What To Eat When You Have Type 1 Diabetes

What To Eat When You Have Type 1 Diabetes

It's important to eat a healthy diet when you have type 1 diabetes. That doesn't mean you can't enjoy tasty food, including some of your favorites. With type 1 diabetes, your body stops making insulin. So you take insulin every day either through shots or a pump. It’s also key to track your blood sugar levels. Insulin is only part of the picture. Diet and exercise also play important roles in helping keep your blood sugar levels stable. When you make healthy food choices and eat consistent amounts through the day, it can help control your sugars. It can also lower your chance of diabetes-related problems like heart disease, kidney disease, and nerve damage. Some experts used to think there was a "diabetes diet." They thought people with diabetes had to avoid all foods with sugars or stop eating certain other foods. But when you have type 1, you can eat the same healthy diet as everyone else. Follow some general guidelines: Eat less unhealthy fat. Cut back on the saturated fats you find in high-fat meats like bacon and regular ground beef, as well as full-fat dairy like whole milk and butter. Unhealthy fats raise your chance of heart disease. With diabetes, you face higher-than-average odds of getting heart disease. Make smart food choices to lower that risk. Get enough fiber. It may help control your blood sugar. You can get fiber from whole grains, beans, and fruits and vegetables. Try to get 25-30 grams a day. Those high-fiber foods are always better choices than low-fiber carbs such as refined 'white' grains and processed sugary foods. Carbohydrates are your body's main source of energy. You get them from many foods, like grains (pasta, bread, crackers, and cookies), fruits and vegetables, dairy products, and sugars. Carbs raise your blood sugar levels faster than Continue reading >>

Type 1 Diabetes Diet

Type 1 Diabetes Diet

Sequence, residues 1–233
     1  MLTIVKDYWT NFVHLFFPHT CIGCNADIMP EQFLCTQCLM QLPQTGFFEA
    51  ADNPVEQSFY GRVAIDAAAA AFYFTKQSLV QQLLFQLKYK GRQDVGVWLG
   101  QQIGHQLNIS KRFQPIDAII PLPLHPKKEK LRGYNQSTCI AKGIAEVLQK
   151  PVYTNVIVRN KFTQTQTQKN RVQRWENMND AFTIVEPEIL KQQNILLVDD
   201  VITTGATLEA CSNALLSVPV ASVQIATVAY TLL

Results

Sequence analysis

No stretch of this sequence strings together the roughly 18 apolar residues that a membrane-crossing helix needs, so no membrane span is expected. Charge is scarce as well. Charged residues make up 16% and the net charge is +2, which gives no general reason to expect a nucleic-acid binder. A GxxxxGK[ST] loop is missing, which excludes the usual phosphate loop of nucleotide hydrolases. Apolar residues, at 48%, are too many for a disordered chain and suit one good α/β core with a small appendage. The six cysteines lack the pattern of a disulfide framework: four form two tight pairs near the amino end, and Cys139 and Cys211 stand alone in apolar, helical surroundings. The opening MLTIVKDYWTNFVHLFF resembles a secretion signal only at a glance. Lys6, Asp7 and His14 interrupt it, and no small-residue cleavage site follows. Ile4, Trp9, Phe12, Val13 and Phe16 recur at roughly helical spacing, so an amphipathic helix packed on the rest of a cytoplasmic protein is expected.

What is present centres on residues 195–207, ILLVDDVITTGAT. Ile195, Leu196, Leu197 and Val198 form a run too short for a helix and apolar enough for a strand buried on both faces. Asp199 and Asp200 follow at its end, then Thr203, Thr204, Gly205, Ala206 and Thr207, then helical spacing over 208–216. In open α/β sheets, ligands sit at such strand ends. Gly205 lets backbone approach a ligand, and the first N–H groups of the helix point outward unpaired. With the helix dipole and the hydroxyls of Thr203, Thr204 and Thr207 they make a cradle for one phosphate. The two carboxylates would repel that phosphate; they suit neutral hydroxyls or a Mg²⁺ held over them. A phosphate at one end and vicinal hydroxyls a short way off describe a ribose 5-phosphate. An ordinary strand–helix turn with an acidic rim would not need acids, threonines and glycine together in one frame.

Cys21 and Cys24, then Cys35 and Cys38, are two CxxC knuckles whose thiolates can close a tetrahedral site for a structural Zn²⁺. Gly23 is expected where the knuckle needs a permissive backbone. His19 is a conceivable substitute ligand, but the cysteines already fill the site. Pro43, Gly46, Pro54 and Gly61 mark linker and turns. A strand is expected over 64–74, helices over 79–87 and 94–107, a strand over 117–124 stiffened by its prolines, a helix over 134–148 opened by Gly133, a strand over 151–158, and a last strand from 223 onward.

Type 1 diabetes diet definition and facts In Type 1 diabetes the pancreas can do longer release insulin. The high blood sugar that results can lead to complications such as kidney, nerve, and eye damage, and cardiovascular disease. Glycemic index and glycemic load are scientific terms used to measure he impact of a food on blood sugar. Foods with low glycemic load (index) raise blood sugar modestly, and thus are better choices for people with diabetes. Meal timing is very important for people with type 1 diabetes. Meals must match insulin doses. Eating meals with a low glycemic load (index) makes meal timing easier. Low glycemic load meals raise blood sugar slowly and steadily, leaving plenty of time for the body (or the injected insulin dose) to respond. Skipping a meal or eating late puts a person at risk for low blood sugar (hypoglycemia). Foods to eat for a type 1 diabetic diet include complex carbohydrates such as brown rice, whole wheat, quinoa, oatmeal, fruits, vegetables, beans, and lentils. Foods to avoid for a type 1 diabetes diet include sodas (both diet and regular), simple carbohydrates - processed/refined sugars (white bread, pastries, chips, cookies, pastas), trans fats (anything with the word hydrogenated on the label), and high-fat animal products. Fats don't have much of a direct effect on blood sugar but they can be useful in slowing the absorption of carbohydrates. Protein provides steady energy with little effect on blood sugar. It keeps blood sugar stable, and can help with sugar cravings and feeling full after eating. Protein-packed foods to include on your menu are beans, legumes, eggs, seafood, dairy, peas, tofu, and lean meats and poultry. The Mediterranean diet plan is often recommended for people with type 1 diabetes because it is full of nut Continue reading >>